A bill which has started the process of debate in parliament on Wednesday involves making cyberstalking and cyberbullying specific offences in the Criminal Code.
The bill, which is piloted by Justice Minister Edward Zammit Lewis, provides that it shall be a crime for anyone, with the intention of causing fear or harm, to;
Stalk another person through the use of a computer or electronic communications device; to cause unauthorised computer function in a computer owned or used by another person and; to trace another person’s use of the internet or other electronic communication.
Those found guilty of such offences would be liable to a prison term between one and five years and/or a fine not exceeding €30,000. The punishment will be increased by one degree when the crime is committed against an underage person or a vulnerable person.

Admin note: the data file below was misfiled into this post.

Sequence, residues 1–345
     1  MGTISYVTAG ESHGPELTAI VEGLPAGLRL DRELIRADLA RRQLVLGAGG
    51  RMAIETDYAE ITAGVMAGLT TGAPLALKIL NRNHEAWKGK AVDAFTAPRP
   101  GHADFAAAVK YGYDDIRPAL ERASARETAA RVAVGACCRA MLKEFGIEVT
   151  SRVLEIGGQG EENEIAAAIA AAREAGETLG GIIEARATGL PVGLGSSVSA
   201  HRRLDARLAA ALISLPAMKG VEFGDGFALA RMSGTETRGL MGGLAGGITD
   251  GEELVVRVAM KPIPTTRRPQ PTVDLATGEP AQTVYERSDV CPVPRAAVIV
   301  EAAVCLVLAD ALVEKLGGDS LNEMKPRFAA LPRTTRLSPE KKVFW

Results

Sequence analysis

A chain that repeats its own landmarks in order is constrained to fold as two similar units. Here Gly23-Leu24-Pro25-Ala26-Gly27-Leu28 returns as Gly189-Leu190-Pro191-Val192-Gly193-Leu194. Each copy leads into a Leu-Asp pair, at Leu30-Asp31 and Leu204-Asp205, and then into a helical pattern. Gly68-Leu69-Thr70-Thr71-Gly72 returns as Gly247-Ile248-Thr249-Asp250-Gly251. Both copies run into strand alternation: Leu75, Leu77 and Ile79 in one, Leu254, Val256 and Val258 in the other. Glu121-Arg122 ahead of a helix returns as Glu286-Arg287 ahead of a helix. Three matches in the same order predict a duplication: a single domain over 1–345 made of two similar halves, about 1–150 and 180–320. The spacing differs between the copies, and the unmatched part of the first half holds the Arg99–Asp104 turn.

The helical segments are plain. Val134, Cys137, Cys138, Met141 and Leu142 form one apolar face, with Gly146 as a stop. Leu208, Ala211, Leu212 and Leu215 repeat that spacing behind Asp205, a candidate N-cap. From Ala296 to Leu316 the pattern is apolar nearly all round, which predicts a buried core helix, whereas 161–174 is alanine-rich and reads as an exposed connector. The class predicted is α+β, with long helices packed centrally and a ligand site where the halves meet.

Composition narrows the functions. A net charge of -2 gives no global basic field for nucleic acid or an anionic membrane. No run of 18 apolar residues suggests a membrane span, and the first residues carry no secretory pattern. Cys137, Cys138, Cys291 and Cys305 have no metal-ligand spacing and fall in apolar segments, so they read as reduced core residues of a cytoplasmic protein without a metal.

This is also applicable if the offence is committed by two or more persons working together. Introducing the bill, Minister Zammit Lewis said that despite people having the right to express themselves on the internet, criminal sanctions were needed against cyberstalking and cyberbullying because of the negative impact they had on people, leading even to self-harm or suicide.
He went on to present the provisions of the bill, explaining that the crimes can be caused through threats, intimidation, abuse or offensive words directed at the victim through the use of a computer or other electronic communication device.
When it comes to cyberstalking, the accused will be able to argue in court that they did so without malicious intent in the normal course of a lawful business or for the purpose of engaging in discussion or communication with respect to public affairs. The latter provision would protect journalists from such charges.
On cyberbullying, the crime would apply when the accused ought to have known that his actions would cause fear or harm to another person. This follows a 2017 plea by then President Marie-Louise Coleiro Preca who said that the fight against such crimes should not only include strengthening existing legislation but enacting a specific law.
Photo Source: Edward Zammit Lewis